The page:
Dayrell. Folk Stories from Southern Nigeria.

Today's free book is Folk Stories from Southern Nigeria by Elphinstone Dayrell (1910). You can find out more about this book in the Nigerian Folk Stories unit of the Myth-Folklore UnTextbook.

For the table of contents, check at the bottom of this post below the image.

This book is available at Project Gutenberg, Internet Archive, Sacred Texts Archive, Google Books, and Hathi Books. There is also a free Kindle ebook from Amazon.

Table of Contents

I. The Tortise with a Pretty Daughter
II. How a Hunter obtained Money from his Friends the Leopard, Goat, Bush Cat, and Cock, and how he got out of repaying them
III. The Woman with Two Skins
IV. The King's Magic Drum
V. Ituen and the King's Wife
VI. Of the Pretty Stranger who Killed the King
VII. Why the Bat flies by Night
VIII. The Disobedient Daughter who Married a Skull
IX. The King who Married the Cock's Daughter
X. The Woman, the Ape, and the Child
XI. The Fish and the Leopard's Wife; or, Why the Fish lives in the Water
XII. Why the Bat is Ashamed to be seen in the Daytime
XIII. Why the Worms Live Underneath the Ground
XIV. The Elephant and the Tortoise; or, Why the Worms are Blind and why the Elephant has Small Eyes
XV. Why a Hawk kills Chickens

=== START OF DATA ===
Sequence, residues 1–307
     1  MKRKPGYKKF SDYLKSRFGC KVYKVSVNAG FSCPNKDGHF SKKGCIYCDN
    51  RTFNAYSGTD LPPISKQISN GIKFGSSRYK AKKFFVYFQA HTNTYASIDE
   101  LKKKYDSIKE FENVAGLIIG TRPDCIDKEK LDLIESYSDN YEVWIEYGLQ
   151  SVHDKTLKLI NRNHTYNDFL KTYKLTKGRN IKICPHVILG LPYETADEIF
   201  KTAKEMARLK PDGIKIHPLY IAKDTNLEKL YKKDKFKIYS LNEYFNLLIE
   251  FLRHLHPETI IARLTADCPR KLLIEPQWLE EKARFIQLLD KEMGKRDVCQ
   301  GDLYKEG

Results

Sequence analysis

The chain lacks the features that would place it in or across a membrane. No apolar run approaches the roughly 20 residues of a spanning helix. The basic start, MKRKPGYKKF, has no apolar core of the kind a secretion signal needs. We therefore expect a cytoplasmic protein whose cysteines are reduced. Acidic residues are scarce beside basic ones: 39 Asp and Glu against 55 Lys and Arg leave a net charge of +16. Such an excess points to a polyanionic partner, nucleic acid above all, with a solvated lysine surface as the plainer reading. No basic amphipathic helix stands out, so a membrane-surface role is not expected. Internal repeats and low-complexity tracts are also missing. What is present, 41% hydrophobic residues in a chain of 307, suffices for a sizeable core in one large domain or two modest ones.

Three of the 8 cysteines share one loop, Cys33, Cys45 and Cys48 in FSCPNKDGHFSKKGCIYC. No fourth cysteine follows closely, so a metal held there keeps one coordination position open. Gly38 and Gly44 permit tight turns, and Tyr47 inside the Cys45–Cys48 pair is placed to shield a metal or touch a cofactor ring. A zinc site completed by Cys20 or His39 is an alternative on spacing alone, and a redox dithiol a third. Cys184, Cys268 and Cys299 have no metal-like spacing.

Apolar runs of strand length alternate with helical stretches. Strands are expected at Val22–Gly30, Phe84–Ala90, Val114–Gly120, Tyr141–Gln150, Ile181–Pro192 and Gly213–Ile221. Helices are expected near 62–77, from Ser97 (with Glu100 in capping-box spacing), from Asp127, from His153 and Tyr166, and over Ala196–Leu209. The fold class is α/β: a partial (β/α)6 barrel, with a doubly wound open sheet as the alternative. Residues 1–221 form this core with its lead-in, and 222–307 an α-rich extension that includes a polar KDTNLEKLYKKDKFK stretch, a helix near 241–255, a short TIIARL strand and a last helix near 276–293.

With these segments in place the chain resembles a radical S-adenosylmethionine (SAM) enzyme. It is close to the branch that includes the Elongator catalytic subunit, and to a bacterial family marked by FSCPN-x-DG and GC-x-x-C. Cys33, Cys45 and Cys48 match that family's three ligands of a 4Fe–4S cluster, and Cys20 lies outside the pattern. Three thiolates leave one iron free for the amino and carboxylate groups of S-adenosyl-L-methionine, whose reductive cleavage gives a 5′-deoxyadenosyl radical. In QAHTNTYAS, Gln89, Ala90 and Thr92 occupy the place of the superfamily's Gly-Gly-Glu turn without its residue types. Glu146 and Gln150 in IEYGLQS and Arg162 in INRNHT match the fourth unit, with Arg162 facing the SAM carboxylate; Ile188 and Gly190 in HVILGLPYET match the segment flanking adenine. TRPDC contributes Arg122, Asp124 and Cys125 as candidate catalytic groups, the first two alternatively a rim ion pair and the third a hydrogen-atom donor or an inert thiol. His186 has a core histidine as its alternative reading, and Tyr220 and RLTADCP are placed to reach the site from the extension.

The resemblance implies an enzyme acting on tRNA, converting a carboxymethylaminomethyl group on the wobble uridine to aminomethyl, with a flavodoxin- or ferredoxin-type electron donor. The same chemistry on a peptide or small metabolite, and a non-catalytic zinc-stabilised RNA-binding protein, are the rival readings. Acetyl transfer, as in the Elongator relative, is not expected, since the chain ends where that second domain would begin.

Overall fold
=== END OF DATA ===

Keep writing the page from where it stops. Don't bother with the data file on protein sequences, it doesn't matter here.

XVI. Why the Sun and the Moon live in the Sky
XVII. Why the Flies Bother the Cows
XVIII. Why the Cat kills Rats
XIX. The Story of the Lightning and the Thunder
XX. Why the Bush Cow and the Elephant are bad Friends
XXI. The Cock who caused a Fight between two Towns
XXII. The Affair of the Hippopotamus and the Tortoise; or, Why the Hippopotamus lives in the Water
XXIII. Why Dead People are Buried
XXIV. Of the Fat Woman who Melted Away
XXV. Concerning the Leopard, the Squirrel, and the Tortoise
XXVI. Why the Moon Waxes and Wanes
XXVII. The Story of the Leopard, the Tortoise, and the Bush Rat
XXVIII. The King and the Ju Ju Tree
XXIX. How the Tortoise overcame the Elephant and the Hippopotamus
XXX. Of the Pretty Girl and the Seven Jealous Women
XXXI. How the Cannibals drove the People from Insofan Mountain to the Cross River (Ikom)
XXXII. The Lucky Fisherman
XXXIII. The Orphan Boy and the Magic Stone
XXXIV. The Slave Girl who tried to Kill her Mistress
XXXV. The King and the 'Nsiat Bird
XXXVI. Concerning the Fate of Essido and his Evil Companions
XXXVII. Concerning the Hawk and the Owl
XXXVIII. The Story of the Drummer and the Alligators
XXXIX. The 'Nsasak Bird and the Odudu Bird
XL. The Election of the King Bird (the black and-white Fishing Eagle)

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